Tuesday, November 23, 2010

A Truly Sad Story at the

University of Minnesota

President Bruininks Should Fix This 

Before He Leaves...

University of Minnesota Faculty Senate
Committee on Finance and Planning 11/16/10

...the Committee is leading off with a repeat of a meeting held about two years ago: Discussion of the EFS system with faculty and staff to hear their concerns.

-- In one department, with a budget over $35 million and 17 accountants, the faculty do not know what EFS is nor have they seen its impact.  One of the most significant problems with EFS is that it does not talk to the HR system except by a third set of codes, and that problem will never go away.

-- Another department, also with a budget over $30 million,
has 9 accountants, so a similar caseload but fewer people. The result is that they provide fewer services to faculty because of the increased workload, which causes frustration in the relationships with faculty, which is detrimental to morale. They would prefer to be where they were before EFS was implemented, when they could respond to requests for information from the faculty. They cannot do so now because of the complexity of the system. They use a shadow system developed within the Academic Health Center.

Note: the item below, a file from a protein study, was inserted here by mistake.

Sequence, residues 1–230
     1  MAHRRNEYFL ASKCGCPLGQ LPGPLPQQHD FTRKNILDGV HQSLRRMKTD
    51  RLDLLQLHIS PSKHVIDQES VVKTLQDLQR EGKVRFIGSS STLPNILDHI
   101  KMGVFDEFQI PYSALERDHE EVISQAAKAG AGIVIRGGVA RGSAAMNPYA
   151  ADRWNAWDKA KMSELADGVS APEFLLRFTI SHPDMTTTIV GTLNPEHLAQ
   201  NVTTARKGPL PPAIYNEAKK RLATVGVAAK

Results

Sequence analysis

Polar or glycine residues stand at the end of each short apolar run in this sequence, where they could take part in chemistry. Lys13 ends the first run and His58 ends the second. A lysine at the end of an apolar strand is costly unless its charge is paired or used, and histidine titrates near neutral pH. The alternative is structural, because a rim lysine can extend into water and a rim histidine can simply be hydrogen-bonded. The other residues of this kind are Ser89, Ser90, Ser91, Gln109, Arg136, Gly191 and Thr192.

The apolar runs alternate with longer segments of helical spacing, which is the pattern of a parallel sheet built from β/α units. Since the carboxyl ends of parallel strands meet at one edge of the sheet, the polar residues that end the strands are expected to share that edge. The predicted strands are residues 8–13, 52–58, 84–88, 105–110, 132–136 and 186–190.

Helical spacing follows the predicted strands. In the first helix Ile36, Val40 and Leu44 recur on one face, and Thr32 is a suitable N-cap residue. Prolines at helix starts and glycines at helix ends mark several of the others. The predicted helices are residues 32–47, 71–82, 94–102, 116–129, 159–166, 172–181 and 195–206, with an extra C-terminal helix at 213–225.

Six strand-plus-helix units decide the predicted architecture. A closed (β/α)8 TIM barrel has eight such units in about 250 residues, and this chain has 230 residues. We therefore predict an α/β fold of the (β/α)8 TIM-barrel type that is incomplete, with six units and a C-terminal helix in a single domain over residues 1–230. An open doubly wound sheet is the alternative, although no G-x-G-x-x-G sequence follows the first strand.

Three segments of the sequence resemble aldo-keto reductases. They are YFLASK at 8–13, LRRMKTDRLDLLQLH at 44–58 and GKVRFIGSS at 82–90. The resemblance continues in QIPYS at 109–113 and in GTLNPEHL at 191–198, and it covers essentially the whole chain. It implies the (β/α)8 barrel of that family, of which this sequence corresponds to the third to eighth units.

-- The biggest problem for the faculty is reporting. PIs have to make decisions daily but find it extremely difficult to do so because they do not receive reports they can understand (and in many departments they do not have staff who can explain them). As a result, faculty are spending 3-5-10 times as much effort on reports as they did before—rather than engaged in teaching and research. 

-- Another college uses a different shadow system, and while EFS is a powerful system, it has a weakness. It cannot provide reports that are in English, are simple, and are point-and-click.

-- For those who are department heads, at a time of budget difficulties and financial challenges, when meeting with colleagues from departments that use different shadow systems, it is impossible to compare reports or get tips. Shadow systems do not roll up to the college level so there is no uniformity in reports.

-- Another departmental representative echoed all the concerns about reporting. In a department with about $20 million in grants, they have 2 accountants and their faculty are terrified about the status of their accounts, unable to project into the future, and hoping they don't face an NIH audit. They don't know how much money they have.

-- A representative from another college said he could not agree more with the previous point: 40-digit account numbers create errors. The system needs to be smarter about what is valid and what is not. Professor Luepker commented that this error rate is frightening and asked if anyone had any idea what that rate is. One guest said he did not know but they have to check every transaction. Which, said another, delays work and causes more work.